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Project SHARE Curriculum: Around Food

Student Health Advocates Redefining Empowerment

Visit Farms and Farmers' Markets

Create an opportunity for students to think about healthy food choices through interactions with local farms and gardens.

  • Visit a local farm or community garden to give students an opportunity to learn about the food life cycle, rainwater harvesting, and to try new or unknown fruits, vegetables, and herbs. 
  • Arrange a visit to a farmers’ market and have students take note of what is in season and how many varieties exist of certain fruits or vegetables. Each student will choose one item of interest to report on once back in the classroom – with all information gained from talking with the person selling the item. 

Visit Grocery Stores

Visiting grocery stores can be an eye-opener for students learning about making healthy food choices.

  • Draw a food map in a mini mart or corner grocery store to see where health food is and focus on sodas, snack food, etc.  Are the healthy foods readily available?  Where are the candy bars and salty snacks? 
  • Divide students in groups.  Each group visits a different store for food shopping. Students use phones to record their experiences, taking note of the variety of foods available, the atmosphere of the store, and anything unusual or noteworthy about the store or its offerings. After the field trips, the students discuss their varied experiences together. The recordings will be edited into photo-voice story.  Suggested store locations are:  Stop ‘n’ Shop, Whole Foods, Wegmans, Trader Joe’s, H-Mart, 7-11, Farmer’s Market, any specialty grocery store – Hispanic, Afro-Caribbean, African, Indian, Asian, etc.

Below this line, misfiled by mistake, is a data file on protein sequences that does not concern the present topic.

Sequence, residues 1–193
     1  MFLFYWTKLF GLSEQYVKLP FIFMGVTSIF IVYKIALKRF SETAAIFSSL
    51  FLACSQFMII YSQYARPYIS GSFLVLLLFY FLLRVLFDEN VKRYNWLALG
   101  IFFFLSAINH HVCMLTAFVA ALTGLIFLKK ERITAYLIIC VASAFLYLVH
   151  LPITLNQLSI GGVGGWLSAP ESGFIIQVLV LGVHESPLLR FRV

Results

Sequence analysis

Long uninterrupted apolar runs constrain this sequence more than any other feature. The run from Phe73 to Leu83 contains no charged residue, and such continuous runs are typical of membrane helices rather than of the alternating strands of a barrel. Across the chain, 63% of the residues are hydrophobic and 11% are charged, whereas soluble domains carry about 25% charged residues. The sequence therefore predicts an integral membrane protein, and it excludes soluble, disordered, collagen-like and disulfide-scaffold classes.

Cook and Eat Together

One of the surest – and most fun - ways to build communities is around food. 

  • What’s your favorite family meal? The class will share their recipes and evaluate the nutritional benefits in discussion with an emphasis on suggestions (of ingredients or preparation method) to make the recipe as healthy and nutritiously balanced as possible. Students will choose two recipes to “make-over” and will prepare them, sharing the finished meal together.
  • Host a cooking event.  Students form teams to plan, shop, cook, and share a healthy meal.  This can be a contest in which students compete to put together the tastiest healthy snack, or a simple potluck with recipes on display.